Quarterly report pursuant to Section 13 or 15(d)

Loan Sales and Securitizations

Loan Sales and Securitizations
6 Months Ended
Jun. 30, 2011
Loan Sales and Securitizations [Abstract]  
Residential Mortgage Loans
The following table summarizes activity relating to residential mortgage loans sold with servicing retained for the three-month and six-month periods ended June 30, 2011 and 2010:
    Three Months Ended     Six Months Ended  
    June 30,     June 30,  
(dollar amounts in thousands)   2011     2010     2011     2010  
Residential mortgage loans sold with servicing retained
  $ 492,015     $ 803,000     $ 1,749,518     $ 1,539,015  
Pretax gains resulting from above loan sales (1)
    12,565       18,661       45,244       33,424  
(1)   Recorded in other noninterest income.
A MSR is established only when the servicing is contractually separated from the underlying mortgage loans by sale or securitization of the loans with servicing rights retained. At initial recognition, the MSR asset is established at its fair value using assumptions consistent with assumptions used to estimate the fair value of existing MSRs carried at fair value in the portfolio. At the time of initial capitalization, MSRs are grouped into one of two categories depending on whether or not Huntington intends to actively hedge the asset. MSR assets are recorded using the fair value method if Huntington will actively engage in hedging the asset and recorded using the amortization method if no active hedging will be performed. MSRs are included in accrued income and other assets. Any increase or decrease in the fair value of MSRs carried under the fair value method, as well as amortization or impairment of MSRs recorded using the amortization method, is recorded as an increase or decrease in mortgage banking income, which is included in noninterest income.
The following tables summarize the changes in MSRs recorded using either the fair value method or the amortization method for the three-month and six-month periods ended June 30, 2011 and 2010:
Fair Value Method:
    Three Months Ended     Six Months Ended  
    June 30,     June 30,  
(dollar amounts in thousands)   2011     2010     2011     2010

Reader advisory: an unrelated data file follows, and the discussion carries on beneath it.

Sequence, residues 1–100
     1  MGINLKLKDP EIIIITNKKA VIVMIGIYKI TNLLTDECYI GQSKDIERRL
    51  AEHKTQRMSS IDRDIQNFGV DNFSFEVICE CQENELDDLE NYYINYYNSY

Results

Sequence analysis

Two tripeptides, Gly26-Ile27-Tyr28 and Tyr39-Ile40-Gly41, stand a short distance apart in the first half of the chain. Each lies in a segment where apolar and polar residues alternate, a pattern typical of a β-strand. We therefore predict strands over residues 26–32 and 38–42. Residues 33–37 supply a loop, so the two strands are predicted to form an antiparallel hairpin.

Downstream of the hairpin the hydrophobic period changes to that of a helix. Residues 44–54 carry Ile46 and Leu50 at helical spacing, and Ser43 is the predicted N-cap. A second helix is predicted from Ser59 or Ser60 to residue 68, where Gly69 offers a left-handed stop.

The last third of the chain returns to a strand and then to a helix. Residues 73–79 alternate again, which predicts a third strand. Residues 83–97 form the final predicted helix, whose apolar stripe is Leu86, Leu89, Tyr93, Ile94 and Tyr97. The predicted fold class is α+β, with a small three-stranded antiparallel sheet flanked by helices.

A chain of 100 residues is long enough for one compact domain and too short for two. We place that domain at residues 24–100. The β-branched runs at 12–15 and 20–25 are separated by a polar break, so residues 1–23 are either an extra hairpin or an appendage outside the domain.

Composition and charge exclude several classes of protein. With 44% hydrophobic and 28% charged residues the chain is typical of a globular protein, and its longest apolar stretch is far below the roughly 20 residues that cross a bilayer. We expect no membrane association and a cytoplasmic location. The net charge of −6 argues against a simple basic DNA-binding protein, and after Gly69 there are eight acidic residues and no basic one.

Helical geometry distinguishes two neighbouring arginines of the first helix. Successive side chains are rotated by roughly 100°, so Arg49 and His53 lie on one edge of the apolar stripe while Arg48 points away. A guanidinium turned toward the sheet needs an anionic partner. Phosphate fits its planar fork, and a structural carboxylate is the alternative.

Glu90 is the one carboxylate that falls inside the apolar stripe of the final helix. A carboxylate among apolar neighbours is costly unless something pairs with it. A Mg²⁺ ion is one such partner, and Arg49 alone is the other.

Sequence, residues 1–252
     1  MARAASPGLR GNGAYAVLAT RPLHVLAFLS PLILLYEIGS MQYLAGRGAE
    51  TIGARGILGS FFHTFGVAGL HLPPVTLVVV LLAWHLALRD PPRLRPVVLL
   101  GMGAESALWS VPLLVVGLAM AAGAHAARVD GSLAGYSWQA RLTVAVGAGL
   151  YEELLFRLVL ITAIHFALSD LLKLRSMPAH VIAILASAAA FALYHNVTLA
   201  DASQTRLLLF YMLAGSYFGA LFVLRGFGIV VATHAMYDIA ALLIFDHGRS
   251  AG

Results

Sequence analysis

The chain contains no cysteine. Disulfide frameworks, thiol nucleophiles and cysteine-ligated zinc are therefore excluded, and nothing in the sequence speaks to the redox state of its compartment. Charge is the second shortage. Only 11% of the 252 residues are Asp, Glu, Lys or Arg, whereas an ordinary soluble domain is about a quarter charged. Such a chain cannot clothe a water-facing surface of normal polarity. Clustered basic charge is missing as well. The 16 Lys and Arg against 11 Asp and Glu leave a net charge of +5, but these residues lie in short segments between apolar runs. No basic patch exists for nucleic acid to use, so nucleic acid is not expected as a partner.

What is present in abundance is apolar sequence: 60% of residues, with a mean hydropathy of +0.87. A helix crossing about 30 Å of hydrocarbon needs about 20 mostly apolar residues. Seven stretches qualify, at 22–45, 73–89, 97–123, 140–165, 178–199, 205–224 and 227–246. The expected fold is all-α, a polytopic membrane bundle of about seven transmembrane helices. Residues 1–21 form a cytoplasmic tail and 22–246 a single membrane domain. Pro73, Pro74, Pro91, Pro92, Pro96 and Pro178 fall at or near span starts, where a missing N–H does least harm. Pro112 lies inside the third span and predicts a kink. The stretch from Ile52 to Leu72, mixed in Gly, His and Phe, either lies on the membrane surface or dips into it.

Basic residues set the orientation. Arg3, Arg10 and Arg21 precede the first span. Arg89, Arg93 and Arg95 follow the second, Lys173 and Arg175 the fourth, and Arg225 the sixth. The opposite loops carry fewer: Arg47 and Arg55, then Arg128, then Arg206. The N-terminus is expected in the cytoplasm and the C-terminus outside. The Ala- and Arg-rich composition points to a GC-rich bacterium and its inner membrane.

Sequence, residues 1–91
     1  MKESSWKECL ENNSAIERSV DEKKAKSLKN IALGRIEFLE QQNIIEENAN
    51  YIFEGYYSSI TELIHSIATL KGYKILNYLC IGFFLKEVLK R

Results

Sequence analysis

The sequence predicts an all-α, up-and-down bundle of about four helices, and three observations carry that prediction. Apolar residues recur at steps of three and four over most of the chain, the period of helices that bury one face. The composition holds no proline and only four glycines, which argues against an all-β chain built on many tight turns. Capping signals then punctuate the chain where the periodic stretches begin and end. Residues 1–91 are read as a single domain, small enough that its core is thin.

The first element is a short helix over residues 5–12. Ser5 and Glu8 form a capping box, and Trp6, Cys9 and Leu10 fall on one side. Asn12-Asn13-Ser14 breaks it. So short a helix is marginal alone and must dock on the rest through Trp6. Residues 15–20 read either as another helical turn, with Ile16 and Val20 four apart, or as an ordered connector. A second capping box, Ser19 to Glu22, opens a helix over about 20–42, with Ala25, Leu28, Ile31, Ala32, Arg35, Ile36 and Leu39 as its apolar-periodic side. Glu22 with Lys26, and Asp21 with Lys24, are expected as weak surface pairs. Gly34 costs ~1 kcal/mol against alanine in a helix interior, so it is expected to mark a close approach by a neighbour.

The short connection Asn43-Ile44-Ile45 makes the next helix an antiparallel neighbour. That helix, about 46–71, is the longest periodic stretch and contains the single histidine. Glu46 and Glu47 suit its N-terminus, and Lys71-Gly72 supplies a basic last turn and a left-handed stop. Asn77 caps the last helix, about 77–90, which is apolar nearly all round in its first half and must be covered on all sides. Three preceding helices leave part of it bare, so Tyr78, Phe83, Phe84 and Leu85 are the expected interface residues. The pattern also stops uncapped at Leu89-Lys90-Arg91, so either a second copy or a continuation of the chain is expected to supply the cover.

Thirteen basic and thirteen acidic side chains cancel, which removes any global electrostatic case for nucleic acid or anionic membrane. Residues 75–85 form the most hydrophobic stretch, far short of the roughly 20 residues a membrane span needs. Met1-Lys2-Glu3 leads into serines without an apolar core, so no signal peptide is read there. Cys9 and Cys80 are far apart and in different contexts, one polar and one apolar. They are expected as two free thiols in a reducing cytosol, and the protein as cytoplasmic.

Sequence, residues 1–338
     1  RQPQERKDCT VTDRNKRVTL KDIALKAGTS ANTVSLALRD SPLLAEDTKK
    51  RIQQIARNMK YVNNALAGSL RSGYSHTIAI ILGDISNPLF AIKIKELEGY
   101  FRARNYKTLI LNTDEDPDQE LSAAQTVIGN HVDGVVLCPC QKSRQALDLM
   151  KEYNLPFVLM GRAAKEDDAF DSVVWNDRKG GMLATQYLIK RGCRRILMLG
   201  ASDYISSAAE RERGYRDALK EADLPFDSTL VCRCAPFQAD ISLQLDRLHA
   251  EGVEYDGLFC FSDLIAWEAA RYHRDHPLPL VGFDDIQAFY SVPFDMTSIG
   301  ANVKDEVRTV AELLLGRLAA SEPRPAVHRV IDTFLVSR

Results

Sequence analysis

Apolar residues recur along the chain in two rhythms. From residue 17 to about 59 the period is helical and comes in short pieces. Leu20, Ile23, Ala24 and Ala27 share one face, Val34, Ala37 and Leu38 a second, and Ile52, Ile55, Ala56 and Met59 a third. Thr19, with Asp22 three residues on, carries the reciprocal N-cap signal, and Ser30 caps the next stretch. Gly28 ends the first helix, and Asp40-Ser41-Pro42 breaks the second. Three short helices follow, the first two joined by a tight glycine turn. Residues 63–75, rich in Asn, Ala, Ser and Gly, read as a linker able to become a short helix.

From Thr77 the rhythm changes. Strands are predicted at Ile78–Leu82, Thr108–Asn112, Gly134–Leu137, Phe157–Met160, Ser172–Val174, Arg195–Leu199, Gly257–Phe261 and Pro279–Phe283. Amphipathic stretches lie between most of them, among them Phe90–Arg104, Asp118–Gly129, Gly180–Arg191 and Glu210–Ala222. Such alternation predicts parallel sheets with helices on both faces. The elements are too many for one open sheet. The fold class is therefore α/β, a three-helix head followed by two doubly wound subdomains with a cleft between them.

Fair value, beginning of period
  $ 119,207     $ 162,106     $ 125,679     $ 176,427  
Change in fair value during the period due to:
Time decay (1)
    (1,390 )     (1,536 )     (2,764 )     (3,208 )
Payoffs (2)
    (4,528 )     (6,800 )     (10,400 )     (13,677 )
Changes in valuation inputs or assumptions (3)
    (8,292 )     (21,365 )     (7,518 )     (27,137 )
Fair value, end of period:
  $ 104,997     $ 132,405     $ 104,997     $ 132,405  
(1)   Represents decrease in value due to passage of time, including the impact from both regularly scheduled loan principal payments and partial loan paydowns.
(2)   Represents decrease in value associated with loans that paid off during the period.
(3)   Represents change in value resulting primarily from market-driven changes in interest rates and prepayment spreads.
Amortization Method:
    Three Months Ended     Six Months Ended  
    June 30,     June 30,  
(dollar amounts in thousands)   2011     2010     2011     2010  
Carrying value, beginning of year
  $ 83,352     $ 45,446     $ 70,516     $ 38,165  
New servicing assets created
    4,525       7,944       19,978       16,741  
Impairment charge
          (4,856 )           (4,856 )
Amortization and other
    (3,135 )     (1,801 )     (5,752 )     (3,317 )
Carrying value, end of period
  $ 84,742     $ 46,733     $ 84,742     $ 46,733  
Fair value, end of period
  $ 95,829     $ 47,565     $ 95,829     $ 47,565  
MSRs do not trade in an active, open market with readily observable prices. While sales of MSRs occur, the precise terms and conditions are typically not readily available. Therefore, the fair value of MSRs is estimated using a discounted future cash flow model. The model considers portfolio characteristics, contractually specified servicing fees and assumptions related to prepayments, delinquency rates, late charges, other ancillary revenues, costs to service, and other economic factors. Changes in the assumptions used may have a significant impact on the valuation of MSRs.
A summary of key assumptions and the sensitivity of the MSR value at June 30, 2011, to changes in these assumptions follows:
            Decline in fair value due to  
            10%     20%  
            adverse     adverse  
(dollar amounts in thousands)   Actual     change     change  
Constant prepayment rate
    11.93 %   $ (5,954 )   $ (11,214 )
Spread over forward interest rate swap rates
  494 bps     (2,279 )     (4,557 )
MSR values are very sensitive to movements in interest rates as expected future net servicing income depends on the projected outstanding principal balances of the underlying loans, which can be greatly impacted by the level of prepayments. Huntington hedges the fair value portfolio of MSRs against changes in value attributable to changes in interest rates through a combination of derivative instruments and trading securities.
Total servicing fees included in mortgage banking income amounted to $12.4 million and $12.2 million for the three-month periods ended June 30, 2011 and 2010, respectively. For the six-month periods ending June 30, 2011 and 2010, servicing fees totaled $25.0 million and $24.6 million, respectively.
Automobile Loans and Leases
The Company is currently considering an automobile loan securitization transaction during the second half of 2011. The potential securitization is expected to be between $1.0 billion and $1.3 billion. At June 30, 2011, and through the date of this filing, the Company has not yet identified the specific loans that would be securitized or finalized terms of the securitization, including whether the securitization would be recorded as a sale or as secured financing and, therefore, has not reclassified the loans to loans held for sale.